Preliminary Ethnoichthyological Assessment: Fish Consumption Patterns among Orang Asli Semelai (Aborigines: Proto-Malay) in Tasek Bera, Pahang

  • Nurfatiha Akmal Fawwazah Abdullah-Fauzi Environmental Management and Conservation Research Unit (eNCORe), Universiti Tun Hussein Onn Malaysia (Pagoh Campus), 84600, Johor, Malaysia
  • Nursyuhada Othman Environmental Management and Conservation Research Unit (eNCORe), Universiti Tun Hussein Onn Malaysia (Pagoh Campus), 84600, Johor, Malaysia
  • Hidayah Haris Environmental Management and Conservation Research Unit (eNCORe), Universiti Tun Hussein Onn Malaysia (Pagoh Campus), 84600, Johor, Malaysia
  • Farah Farhana Ramli Environmental Management and Conservation Research Unit (eNCORe), Universiti Tun Hussein Onn Malaysia (Pagoh Campus), 84600, Johor, Malaysia
  • Nur Hartini Sariyati Environmental Management and Conservation Research Unit (eNCORe), Universiti Tun Hussein Onn Malaysia (Pagoh Campus), 84600, Johor, Malaysia
  • Mohd Faudzir Najmuddin Environmental Management and Conservation Research Unit (eNCORe), Universiti Tun Hussein Onn Malaysia (Pagoh Campus), 84600, Johor, Malaysia
  • Mohd Lokman Ilham-Norhakim a)Environmental Management and Conservation Research Unit (eNCORe), Universiti Tun Hussein Onn Malaysia (Pagoh Campus), 84600, Johor, Malaysia, b)Kim Ichthyologist Centre, Kampung Parit Samsu, Jalan Temenggong Ahmad, Parit Jawa Muar, Johor, 84150, Malaysia, c)Akim Fishes Enterprise, 81P Pesta 2, Kg Kenangan Tun Dr Ismail, 84000 Muar, Johor, Malaysia
  • Muhammad Abu Bakar Abdul-Latiff Environmental Management and Conservation Research Unit (eNCORe), Universiti Tun Hussein Onn Malaysia (Pagoh Campus), 84600, Johor, Malaysia

Abstract

Ethnoichthyology, as a field of study, examines the indigenous knowledge held by ethnic groups concerning different fish species. Despite its significance in understanding traditional fishing practices and cultural connections to aquatic resources, data on fish species consumption among the Orang Asli Semelai community remain limited. Therefore, this ethnoichthyological preliminary study aims to address this research gap by documenting the fish species utilized by the Orang Asli Semelai in the Tasek Bera region of Pahang, Malaysia. To achieve this objective, a comprehensive survey and interview session were conducted with a small sample size of four randomly chosen respondents. The study identified 15 fish species solely consumed as food by the community. The most commonly consumed fish species were the Climbing Perch (Anabas testudineus) and Snakehead Murrel (Channa striata). Additionally, the study revealed the presence of the Critically Endangered Jullien's Golden Carp (Probarbus jullieni) among the consumed species, indicating the urgent need for conservation efforts. The findings underscore the significance of integrating sustainable fishing practices and conservation efforts to protect the unique ecosystem of Tasek Bera and preserve the cultural heritage of the Orang Asli Semelai community. Further comprehensive studies and collaborative approaches are vital to safeguarding the region's aquatic biodiversity and ensuring the community's food security sustainably.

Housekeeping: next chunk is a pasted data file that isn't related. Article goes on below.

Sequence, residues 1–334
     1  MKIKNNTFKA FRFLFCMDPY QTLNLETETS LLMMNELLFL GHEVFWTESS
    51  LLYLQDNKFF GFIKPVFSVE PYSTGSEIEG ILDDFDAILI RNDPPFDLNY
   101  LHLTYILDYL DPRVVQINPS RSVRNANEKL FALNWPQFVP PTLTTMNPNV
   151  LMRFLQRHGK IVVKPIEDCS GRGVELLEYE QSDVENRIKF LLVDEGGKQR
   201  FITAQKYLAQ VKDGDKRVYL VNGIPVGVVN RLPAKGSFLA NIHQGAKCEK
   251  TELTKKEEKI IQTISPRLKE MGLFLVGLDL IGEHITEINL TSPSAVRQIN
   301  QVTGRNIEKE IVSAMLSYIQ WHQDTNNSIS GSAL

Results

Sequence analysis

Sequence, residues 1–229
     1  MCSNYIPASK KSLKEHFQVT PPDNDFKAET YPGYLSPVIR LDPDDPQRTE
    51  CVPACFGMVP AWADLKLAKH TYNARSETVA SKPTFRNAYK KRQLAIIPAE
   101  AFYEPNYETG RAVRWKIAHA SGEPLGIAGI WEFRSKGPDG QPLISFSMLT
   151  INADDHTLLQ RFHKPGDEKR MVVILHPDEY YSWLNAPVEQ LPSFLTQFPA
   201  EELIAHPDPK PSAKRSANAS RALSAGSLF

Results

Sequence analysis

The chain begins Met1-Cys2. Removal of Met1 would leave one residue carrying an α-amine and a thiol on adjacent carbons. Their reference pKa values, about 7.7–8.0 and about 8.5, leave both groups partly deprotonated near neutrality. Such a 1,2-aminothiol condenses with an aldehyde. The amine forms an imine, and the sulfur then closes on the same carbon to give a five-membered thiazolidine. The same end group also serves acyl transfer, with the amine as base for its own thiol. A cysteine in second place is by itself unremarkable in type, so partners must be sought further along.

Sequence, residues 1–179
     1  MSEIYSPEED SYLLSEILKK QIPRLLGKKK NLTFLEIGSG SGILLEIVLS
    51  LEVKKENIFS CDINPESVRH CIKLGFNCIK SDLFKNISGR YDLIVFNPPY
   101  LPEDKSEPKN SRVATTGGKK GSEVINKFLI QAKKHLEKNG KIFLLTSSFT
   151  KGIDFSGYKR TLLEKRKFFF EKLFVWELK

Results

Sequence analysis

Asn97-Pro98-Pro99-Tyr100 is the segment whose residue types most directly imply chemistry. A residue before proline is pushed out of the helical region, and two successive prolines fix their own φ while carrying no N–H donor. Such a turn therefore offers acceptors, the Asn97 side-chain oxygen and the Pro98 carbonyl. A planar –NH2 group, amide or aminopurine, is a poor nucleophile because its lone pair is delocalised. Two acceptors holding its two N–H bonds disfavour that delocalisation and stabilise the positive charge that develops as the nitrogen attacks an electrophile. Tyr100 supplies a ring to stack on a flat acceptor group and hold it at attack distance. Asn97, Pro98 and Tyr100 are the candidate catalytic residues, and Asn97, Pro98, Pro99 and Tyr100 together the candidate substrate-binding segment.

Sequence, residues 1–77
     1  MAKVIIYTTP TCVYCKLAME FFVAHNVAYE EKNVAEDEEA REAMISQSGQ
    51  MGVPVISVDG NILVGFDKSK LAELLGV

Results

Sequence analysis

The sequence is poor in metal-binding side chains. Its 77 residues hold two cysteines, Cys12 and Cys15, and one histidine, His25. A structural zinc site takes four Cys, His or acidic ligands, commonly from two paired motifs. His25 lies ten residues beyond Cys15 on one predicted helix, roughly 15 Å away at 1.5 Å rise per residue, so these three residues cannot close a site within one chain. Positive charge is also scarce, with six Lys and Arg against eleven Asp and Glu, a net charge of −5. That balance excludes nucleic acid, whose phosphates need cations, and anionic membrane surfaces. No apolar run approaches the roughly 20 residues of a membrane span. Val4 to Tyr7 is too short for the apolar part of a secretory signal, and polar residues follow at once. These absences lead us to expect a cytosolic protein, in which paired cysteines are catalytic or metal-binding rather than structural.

Published
2023-10-31
How to Cite
Abdullah-Fauzi, N. A. F., Othman, N., Haris, H., Ramli, F. F., Sariyati, N. H., Najmuddin, M. F., Ilham-Norhakim, M. L., & Abdul-Latiff, M. A. B. (2023). Preliminary Ethnoichthyological Assessment: Fish Consumption Patterns among Orang Asli Semelai (Aborigines: Proto-Malay) in Tasek Bera, Pahang. Malaysian Journal of Applied Sciences, 8(2), 37-46. https://doi.org/10.37231/myjas.2023.8.2.366
Section
Research Articles